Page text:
It very common these days to hear that you need a superstar to win in the NBA. In 2004, the Detroit Pistons went against the grain and won without a superstar. Everyone believed that it was chemistry that was the catalyst for their improbable championship run.
Chemistry was also the supposed reason that they had such a great run through the early 2000s. You could practically pencil them into the Eastern Conference Finals each year since 2003 before the season began.
This year the Pistons made a move towards reloading, utilizing some of the current roster while making room to add some expensive free agents in the offseason.
To do this they essentially moved All-Star Point Guard Chauncey "Mr. Big Shot" Billups and his long term contract to Denver in exchange for perennial All-Star Allen Iverson and his contract that expires at the end of the year.
This meant that at the end of the 2008-09 season, the Pistons would have Iverson, Sheed, and now Billups off the books.
The move added a prolific scorer to the roster that many people felt Detroit lacked. It was believed by many that offense would improve and the Pistons could be competitive in the Eastern Conference this year. Instead, the opposite has happened.
Most would say that the lack of chemistry is a problem. Others feel that the rookie head coach, Michael Curry, is to blame. But is either really the problem?
What did Detroit give up when they moved Billups to Denver?
Denver, with its acquisition of Billups, has had the best season on record in Nuggets' history so far. They are sitting in fourth place in the Conference standings and show no signs of fading.
You can't point to chemistry, they have only been together a few months. The coaching staff hasn't changed. They actually sent away a player, in Iverson, which has out produced Billups for much of his career. Somehow, however, they have improved, dramatically.
So, what is the big difference between Billups and Iverson?
It's one word. Leadership.
Chauncey brought leadership to the game which is the one thing that Detroit now lacks and Denver used to be without.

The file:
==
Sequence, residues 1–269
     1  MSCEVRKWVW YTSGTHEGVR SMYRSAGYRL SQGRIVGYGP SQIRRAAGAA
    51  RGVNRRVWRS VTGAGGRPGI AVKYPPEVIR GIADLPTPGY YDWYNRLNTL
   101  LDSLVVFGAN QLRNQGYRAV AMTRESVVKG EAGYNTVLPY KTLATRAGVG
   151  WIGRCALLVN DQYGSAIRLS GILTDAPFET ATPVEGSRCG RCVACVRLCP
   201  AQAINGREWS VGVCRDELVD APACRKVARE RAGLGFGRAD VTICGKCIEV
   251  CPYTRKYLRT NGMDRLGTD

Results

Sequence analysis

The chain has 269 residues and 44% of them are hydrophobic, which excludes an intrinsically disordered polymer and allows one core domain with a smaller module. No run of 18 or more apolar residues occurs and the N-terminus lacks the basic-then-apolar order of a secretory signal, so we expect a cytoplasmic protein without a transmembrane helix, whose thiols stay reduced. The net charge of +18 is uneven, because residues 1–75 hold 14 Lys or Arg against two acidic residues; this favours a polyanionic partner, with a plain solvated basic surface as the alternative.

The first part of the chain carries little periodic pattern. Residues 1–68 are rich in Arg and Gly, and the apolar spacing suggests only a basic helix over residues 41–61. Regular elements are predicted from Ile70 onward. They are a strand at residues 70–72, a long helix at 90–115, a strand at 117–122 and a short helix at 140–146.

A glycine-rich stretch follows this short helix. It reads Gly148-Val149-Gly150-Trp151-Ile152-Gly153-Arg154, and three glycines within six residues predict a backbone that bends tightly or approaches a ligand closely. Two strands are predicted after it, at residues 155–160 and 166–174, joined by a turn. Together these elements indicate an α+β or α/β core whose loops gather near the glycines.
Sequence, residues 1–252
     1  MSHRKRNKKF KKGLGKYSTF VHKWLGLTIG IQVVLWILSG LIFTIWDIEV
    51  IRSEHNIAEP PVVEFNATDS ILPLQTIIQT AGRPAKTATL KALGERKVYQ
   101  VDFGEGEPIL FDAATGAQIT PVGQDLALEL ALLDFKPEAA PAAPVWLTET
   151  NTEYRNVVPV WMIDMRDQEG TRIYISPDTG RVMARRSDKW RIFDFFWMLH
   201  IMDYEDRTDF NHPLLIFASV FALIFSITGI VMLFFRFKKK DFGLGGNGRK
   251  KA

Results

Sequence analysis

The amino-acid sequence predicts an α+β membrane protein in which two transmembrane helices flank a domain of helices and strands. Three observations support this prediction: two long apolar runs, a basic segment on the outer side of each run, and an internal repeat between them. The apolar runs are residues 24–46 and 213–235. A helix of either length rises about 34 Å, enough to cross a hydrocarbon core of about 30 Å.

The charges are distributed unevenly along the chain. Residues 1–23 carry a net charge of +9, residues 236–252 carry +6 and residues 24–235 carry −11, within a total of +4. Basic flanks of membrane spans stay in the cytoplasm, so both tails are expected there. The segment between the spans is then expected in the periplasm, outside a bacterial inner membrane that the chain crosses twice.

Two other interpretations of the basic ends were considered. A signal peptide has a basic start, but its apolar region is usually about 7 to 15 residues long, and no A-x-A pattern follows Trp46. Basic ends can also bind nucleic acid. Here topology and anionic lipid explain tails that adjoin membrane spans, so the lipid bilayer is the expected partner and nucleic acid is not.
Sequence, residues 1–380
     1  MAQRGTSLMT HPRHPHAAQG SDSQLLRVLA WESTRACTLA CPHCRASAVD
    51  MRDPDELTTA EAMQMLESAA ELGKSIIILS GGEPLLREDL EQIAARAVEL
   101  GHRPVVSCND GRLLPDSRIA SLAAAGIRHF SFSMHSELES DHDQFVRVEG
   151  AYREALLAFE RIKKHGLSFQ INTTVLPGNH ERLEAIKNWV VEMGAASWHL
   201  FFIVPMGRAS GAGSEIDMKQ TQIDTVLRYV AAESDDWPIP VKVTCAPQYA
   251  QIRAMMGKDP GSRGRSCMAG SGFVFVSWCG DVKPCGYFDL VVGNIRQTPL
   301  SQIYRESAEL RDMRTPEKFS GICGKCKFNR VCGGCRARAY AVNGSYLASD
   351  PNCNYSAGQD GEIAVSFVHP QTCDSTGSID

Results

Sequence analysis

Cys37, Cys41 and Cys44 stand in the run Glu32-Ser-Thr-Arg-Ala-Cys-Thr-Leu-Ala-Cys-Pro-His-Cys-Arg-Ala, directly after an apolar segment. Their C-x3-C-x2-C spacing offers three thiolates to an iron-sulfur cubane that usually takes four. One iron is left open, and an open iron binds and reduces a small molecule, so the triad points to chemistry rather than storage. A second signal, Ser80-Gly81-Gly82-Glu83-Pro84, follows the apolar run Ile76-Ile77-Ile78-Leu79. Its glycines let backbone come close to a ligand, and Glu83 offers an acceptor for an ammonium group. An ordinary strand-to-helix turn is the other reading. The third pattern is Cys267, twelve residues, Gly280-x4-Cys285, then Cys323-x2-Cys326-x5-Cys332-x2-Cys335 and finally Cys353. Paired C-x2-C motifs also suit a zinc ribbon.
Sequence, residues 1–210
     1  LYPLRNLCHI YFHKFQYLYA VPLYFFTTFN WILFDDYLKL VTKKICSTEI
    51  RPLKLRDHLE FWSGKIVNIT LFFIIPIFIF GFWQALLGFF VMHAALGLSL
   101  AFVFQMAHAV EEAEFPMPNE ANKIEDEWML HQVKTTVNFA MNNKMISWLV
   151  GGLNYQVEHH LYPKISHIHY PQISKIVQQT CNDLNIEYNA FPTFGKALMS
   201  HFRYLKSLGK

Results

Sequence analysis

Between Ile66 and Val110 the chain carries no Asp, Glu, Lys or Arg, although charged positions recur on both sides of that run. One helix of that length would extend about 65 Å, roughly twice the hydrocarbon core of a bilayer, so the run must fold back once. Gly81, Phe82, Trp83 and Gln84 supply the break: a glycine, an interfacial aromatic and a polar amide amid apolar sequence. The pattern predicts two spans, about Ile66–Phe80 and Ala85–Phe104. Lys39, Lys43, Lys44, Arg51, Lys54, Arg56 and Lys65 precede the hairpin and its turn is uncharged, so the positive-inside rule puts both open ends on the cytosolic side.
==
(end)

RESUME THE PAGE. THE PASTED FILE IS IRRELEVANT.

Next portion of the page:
Detroit looks sporadic on the floor—they go in spurts and play at the tempo of the other team. They are relying on Rodney Stuckey, who is a very talented young player, to control the game. He is simply not able to do that yet.
The Pistons, despite any move or trade that they may make in the coming days, will not get past mediocrity until they replace the leader that they lost.
In order for the Boston Celtics to have succeeded last year, they needed Kevin Garnett to be the leader of the team. Even with all of the other talent, they would not have won. It was Garnett who showed guys like Paul Pierce and Ray Allen that defense was what would win.
If you look at many superstars that have not won, particularly in the postseason, it's because they are not the leaders of their team. They may have all the physical tools and the numbers to match, but a leader does more than score baskets. A leader causes the players around them to elevate their game.
A leader can be a superstar—Michael Jordan being the ultimate example, but it can also be a Billups, who didn't become an All-Star until after the championship season in 2004.
A look back into recent Detroit Pistons' history reveals this simple truth as well. When the Pistons made their back-to-back championship run in the late ‘80s and early ‘90s, Isiah Thomas was the leader on the floor.
After that era, Grant Hill became the new leader for the Pistons. Grant, however, was not the leader Detroit needed.
Grant was amazing at elevating his own play and was a great talent. However, he did not get the players around him to elevate their game, and thus they never could become more than mediocre.
Players like Tracy McGrady and Vince Carter fall into this category as well. They are talented and make plays. They can elevate their games when needed.
The truth is that unless they have a leader on their team, someone who can get the team working together, playing harder, and can control the game for them, they will never make it through the playoffs.
With all the rumors about trades and all the interest in a big offseason free agent signing coming to Detroit, remember this: Detroit needs a leader, someone who can command respect and raise the level of play from his teammates.
It's not Richard Hamilton, Tayshaun Prince, Antonio McDyess, Iverson, or Rasheed Wallace. The player is not on the roster right now.
Perhaps Stuckey can develop into that player, Chauncey had to develop into the leader, but it's more likely the Pistons will have to go find that guy.
If Joe Dumars does not, then there will be more years like this year in Detroit.
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